At the South-West angle of the City of London. Founded between 1066 and 1110. It was demolished in 1213 and the site was acquired by the Dominicans in 1276. A new castle was built east of Blackfriars in 1276 and was also called Baynards Castle. Excavations at Baynards Castle located part of the castle.
Besides the great fortress known as the Tower of London, the only other castle of importance in London was this one, which is said to have been erected by Ralph Baynard, one of Duke William’s followers from Normandy, to whom were granted the lands of Little Dunmow and others in Essex, and who from his connection with this stronghold at one time held the custody of the City itself ; he died in the reign of Rufus. William, the third baron, being attainted for rebellion by Henry I., his estates were given to Robert FitzRichard, fifth son of Richard de Tunbridge, son of Gilbert, Earl of Clare, steward and cup-bearer to the King, who in this way obtained William Baynard’s Castle by the Thames, and the offices pertaining to it ; he died in I198, his son Robert FitzWalter succeeding him. It was the attempt of the ruffian King John on the honour of this noble’s beautiful daughter, Matilda, or Maud the Fair, which brought the discontent of the barons to a head, in view of the indignity thus offered to one of the most distinguished of their Order. It is scarcely probable that the fair maiden was kept prisoner by John in the great circular turret of the White Tower, but the story goes that she, being at Dunmow, was there killed by poison administered in an egg. Her father, naturally siding with the dissentient barons, was banished by the King and had his castle despoiled. But when John, in 1214, after his invasion of France, had signed a five years’ truce with the French King, the two lately opposed armies lay facing each other on either side of a river. An English knight challenged the French army to a joust, and was taken up by an English knight serving in that army, who turned out to be this same FitzWalter. In the contest that ensued, FitzWalter defeated his challenger in such gallant style that John, learning who he was, forgave him, and granted back his lands and castles. Afterwards however, FitzWalter headed the resistance of the barons, and had the title of “Marshal of the Army of God and of the Church,” being, after the signing of the Great Charter, one of the twenty-five barons apppointed to enforce its observance. He was taken prisoner at Lincoln, and then went to the Holy Land, dying in 1134. His grandson, Sir Robert was summoned to Parliament 23 Edward I., and died 1325.
This baron, in 1275, alienated Baynard’s Castle in favour of Bishop Robert, of Canterbury, who moved into this building the Dominicans, or Black Friars, from Holborn ; but the rights belonging to Sir Robert FitzWalter, castellan and standard-bearer of London in time of war, are given in a document which has been preserved. His son Robert died in 1328, and Sir William, the third in line, was, in 1361, knighted for his bravery in war.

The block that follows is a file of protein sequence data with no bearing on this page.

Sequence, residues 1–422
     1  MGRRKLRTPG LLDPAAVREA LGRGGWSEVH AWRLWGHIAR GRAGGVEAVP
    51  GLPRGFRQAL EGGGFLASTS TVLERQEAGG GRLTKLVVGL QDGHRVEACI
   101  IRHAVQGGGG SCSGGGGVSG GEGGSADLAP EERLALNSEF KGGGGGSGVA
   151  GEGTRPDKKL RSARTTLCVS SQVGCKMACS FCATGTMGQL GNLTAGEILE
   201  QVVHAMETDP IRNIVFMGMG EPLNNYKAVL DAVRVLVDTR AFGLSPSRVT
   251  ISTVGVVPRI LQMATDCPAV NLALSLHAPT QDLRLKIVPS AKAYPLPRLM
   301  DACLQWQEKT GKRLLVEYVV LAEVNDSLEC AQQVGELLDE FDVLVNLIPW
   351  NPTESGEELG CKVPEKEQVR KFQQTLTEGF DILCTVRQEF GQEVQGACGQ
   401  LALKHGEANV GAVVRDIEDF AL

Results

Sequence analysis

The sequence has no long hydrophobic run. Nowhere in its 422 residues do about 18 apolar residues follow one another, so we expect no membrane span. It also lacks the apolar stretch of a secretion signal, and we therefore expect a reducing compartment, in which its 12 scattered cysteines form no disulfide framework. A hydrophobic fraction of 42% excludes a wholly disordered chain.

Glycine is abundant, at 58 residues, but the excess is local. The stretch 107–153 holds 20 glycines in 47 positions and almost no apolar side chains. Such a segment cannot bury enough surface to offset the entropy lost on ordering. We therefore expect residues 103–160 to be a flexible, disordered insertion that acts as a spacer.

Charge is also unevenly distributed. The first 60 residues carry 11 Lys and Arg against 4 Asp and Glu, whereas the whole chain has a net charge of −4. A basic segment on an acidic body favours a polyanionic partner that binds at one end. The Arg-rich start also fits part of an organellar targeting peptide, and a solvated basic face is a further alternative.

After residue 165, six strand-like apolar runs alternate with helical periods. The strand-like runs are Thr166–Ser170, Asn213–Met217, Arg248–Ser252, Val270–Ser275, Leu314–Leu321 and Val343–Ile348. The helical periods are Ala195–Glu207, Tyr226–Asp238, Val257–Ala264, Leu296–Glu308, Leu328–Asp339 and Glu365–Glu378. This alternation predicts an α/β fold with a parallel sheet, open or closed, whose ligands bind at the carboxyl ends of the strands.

Walter, the fifth baron, died 1407, having married Joan, sister and heiress of John, Lord Devereux, and thus becoming also Baron Devereux. Walter, seventh baron, fought under Henry V. in the French Wars, and dying in 1432, left a daughter, Elizabeth, who conveyed the lands and baronies to Sir John Radcliffe, Knt., afterwards Baron FitzWalter. His son, Sir John, lost his head in 1495, in the matter of Perkin Warbeck, but his forfeited lands were restored to the son, whom Henry VIII. created Viscount FitzWalter in 1529, making him, five years later, Earl of Sussex and K.G. His descendant, Sir Edward, sixth viscount and earl, died s.p. in 1641, when the honours ended ; they were, however, renewed in 1669 to a collateral heir, Benjamin Mildmay, whose two sons succeeded, the last, Henry, being created, in 1730, Viscount Harwich and Earl FitzWilliam, who died in 1753, and the titles finally became extinct in the person of Sir Brook William Bridges, Baron FitzWalter, who died in 1875.
The first building was, of course, a Norman keep, but of this structure we know nothing. Its successor, as restored (temp. Elizabeth), is shown as a huge quadrangular block of buildings in five gable-ended divisions, with hexagonal corner towers, two storeys high ; beneath it, Pennant says, there was a bridge with stairs to the river.
In the reign of Henry VI. the place was transferred from the Dominicans to the Crown, when it was held by Humphrey, the Good Duke of Gloucester, who rebuilt the part of the house destroyed by fire in 1428. He, however, though uncle to the king, was attainted by the party of Queen Margaret, and is supposed to have been strangled in prison in 1447 (sec LEEDS CASTLE, KENT), when Baynard came again to the Crown.
It was here that Edward, Duke of York, took up his residence on coming to London after the second battle of St. Albans, and from hence, after receiving the deputation inviting him to the throne, he went in procession to assume the crown, March ;, 1461. Here, too, dwelt his brother Richard, Duke of Gloucester, at the time of his usurpation of the kingdom; his successor, Henry VII., dwelt at Baynard’s Castle for three or four years, and Henry VIII. entertained here, with great pomp, Philip of Austria, King of Castile, afterwards conferring the property on William Herbert, Earl of Pembroke, who married Anne, the sister of Queen Katherine Par. In this house the succession of Mary to the Crown in place of Lady Jane Grey, was determined on by the opponents of Northumberland. Then, in the reign of Elizabeth, it was occupied by Sir John Fortescue, the keeper of her wardrobe, after which the Earl of Shrewsbury became its owner, having obtained the property by marriage. The Great Fire of 1666 put an end to Baynard’s Castle, and not a vestige now remains of it. It stood upon the bank of the river, immediately below St. Paul’s Cathedral. (Castles Of England, Sir James D. Mackenzie, 1896)